In July, AWI’s wildlife biologist, D.J. Schubert, attended the 65th meeting of the Convention on International Trade in Endangered Species of Wild Fauna and Flora (CITES) Standing Committee in Geneva, Switzerland. Over the course of the week-long meeting, D.J. advised delegates, collaborated with other organizations, and represented AWI on several intersessional working groups, including those on elephants, rhinos, and pangolins.
Among its key decisions: The committee found that seven countries, including Kenya, Uganda, and the Philippines, had made progress in improving their ivory trade enforcement efforts, while Thailand was warned that it faces trade sanctions if its efforts are not improved by August 2015. Several additional countries, including Angola, Mozambique, and Cambodia, were asked to prepare ivory action plans, given their role in the illicit ivory trade. Mozambique was also tasked with preparing a plan to address its role in the cross-border poaching of rhinos in South Africa.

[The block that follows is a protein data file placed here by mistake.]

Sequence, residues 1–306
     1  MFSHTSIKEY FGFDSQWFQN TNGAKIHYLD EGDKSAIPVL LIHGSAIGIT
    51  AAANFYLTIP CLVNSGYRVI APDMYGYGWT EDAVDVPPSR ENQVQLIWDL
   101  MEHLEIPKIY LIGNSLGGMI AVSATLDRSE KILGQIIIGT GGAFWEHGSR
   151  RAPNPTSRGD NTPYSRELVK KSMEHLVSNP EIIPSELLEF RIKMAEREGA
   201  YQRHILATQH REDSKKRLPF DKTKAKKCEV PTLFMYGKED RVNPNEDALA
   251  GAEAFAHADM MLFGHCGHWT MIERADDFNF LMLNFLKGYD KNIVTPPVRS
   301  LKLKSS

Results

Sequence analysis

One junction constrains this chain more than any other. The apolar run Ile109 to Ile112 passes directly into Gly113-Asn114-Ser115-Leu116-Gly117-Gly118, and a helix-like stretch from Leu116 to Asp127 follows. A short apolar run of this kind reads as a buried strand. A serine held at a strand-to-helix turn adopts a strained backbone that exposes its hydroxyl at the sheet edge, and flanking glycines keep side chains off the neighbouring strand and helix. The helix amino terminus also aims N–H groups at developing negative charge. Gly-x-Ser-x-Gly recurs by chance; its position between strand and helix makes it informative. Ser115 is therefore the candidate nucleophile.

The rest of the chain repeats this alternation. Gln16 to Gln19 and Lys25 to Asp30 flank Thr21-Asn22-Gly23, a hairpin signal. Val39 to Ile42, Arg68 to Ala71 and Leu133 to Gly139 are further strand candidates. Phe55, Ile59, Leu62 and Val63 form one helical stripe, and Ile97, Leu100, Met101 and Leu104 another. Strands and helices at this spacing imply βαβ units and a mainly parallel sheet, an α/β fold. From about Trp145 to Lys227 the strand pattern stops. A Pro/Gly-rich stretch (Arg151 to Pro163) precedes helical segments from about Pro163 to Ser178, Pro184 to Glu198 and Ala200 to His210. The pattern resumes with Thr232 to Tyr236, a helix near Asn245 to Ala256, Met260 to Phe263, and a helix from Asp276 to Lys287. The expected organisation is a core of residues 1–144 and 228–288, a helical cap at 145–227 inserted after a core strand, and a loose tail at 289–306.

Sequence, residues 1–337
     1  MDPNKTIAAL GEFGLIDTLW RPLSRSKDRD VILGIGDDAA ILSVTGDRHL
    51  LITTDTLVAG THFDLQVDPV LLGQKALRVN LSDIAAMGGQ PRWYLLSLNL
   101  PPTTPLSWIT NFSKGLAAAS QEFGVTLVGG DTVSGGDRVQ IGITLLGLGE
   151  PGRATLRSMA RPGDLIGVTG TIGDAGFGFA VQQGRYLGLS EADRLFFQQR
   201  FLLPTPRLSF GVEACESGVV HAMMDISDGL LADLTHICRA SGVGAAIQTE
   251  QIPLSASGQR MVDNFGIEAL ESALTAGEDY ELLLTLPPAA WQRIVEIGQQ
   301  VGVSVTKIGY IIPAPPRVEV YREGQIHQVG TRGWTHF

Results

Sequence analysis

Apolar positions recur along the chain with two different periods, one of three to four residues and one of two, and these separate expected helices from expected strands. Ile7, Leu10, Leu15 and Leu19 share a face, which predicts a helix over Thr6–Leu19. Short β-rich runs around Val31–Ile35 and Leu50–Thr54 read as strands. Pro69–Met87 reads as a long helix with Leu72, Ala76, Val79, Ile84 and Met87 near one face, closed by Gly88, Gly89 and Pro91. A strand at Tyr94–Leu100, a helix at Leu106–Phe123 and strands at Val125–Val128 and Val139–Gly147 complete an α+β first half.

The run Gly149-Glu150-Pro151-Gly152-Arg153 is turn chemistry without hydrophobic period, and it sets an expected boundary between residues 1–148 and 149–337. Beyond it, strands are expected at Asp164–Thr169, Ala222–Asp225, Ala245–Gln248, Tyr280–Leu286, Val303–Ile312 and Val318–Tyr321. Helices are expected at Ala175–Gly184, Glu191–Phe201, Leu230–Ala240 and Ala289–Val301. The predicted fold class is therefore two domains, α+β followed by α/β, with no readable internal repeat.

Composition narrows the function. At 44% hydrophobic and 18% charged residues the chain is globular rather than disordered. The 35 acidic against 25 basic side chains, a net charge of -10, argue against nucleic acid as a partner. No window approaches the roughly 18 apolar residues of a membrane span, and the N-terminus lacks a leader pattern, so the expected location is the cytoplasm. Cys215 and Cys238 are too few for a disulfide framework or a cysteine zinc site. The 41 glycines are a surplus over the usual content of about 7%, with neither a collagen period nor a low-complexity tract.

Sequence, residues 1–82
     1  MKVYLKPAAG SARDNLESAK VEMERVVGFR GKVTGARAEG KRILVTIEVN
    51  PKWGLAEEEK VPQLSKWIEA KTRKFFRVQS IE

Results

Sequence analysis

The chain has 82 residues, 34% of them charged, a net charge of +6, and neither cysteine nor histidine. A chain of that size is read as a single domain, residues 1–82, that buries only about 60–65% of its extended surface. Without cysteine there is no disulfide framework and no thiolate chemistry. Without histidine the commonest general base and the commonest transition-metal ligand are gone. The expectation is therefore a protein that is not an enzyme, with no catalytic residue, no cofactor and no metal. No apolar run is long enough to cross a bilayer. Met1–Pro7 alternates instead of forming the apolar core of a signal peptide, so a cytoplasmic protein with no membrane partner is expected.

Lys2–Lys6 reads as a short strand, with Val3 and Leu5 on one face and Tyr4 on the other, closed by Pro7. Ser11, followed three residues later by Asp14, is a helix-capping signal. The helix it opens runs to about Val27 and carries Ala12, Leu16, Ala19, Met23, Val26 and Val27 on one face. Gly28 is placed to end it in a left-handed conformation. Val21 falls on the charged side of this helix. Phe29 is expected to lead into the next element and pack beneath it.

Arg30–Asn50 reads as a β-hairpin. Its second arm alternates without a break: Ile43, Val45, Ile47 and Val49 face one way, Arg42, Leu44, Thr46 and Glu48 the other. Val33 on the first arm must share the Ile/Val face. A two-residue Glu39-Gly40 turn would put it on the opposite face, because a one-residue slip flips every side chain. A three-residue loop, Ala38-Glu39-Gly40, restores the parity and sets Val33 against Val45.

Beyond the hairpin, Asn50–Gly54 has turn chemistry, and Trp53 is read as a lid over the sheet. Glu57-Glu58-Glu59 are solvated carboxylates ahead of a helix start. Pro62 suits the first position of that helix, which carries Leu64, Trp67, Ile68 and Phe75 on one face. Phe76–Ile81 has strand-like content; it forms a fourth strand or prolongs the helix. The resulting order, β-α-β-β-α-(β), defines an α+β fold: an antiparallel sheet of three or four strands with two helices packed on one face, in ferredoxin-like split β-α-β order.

China, Thailand, Vietnam and other Asian countries were tasked with reducing the illegal trade in tigers and other Asian big cats, with related decisions made on regulating captive breeding of tigers. Efforts to remedy the escalating trade in cheetahs and a virtually unregulated trade in pangolins were delegated to working groups for urgent consideration, with India calling for the uplisting of all pangolin species to Appendix I to prohibit all commercial trade.
Unfortunately, prior to the meeting, the secretariat, after consulting with the chair of the Standing Committee, notified Solomon Islands that its bottlenose dolphin (Tursiops aduncus) population had been removed from a CITES process used to assess the legality of trade in Appendix II species. This could trigger a resumption in dolphin capture and exports—which have been banned by the country since January 2012—to the detriment of the country’s remaining dolphin populations. The United States, Israel, and Mexico joined AWI in expressing concerns about removing this species from the review and called on the secretariat to remind Solomon Islands of its CITES obligations should it resume trade in live dolphins.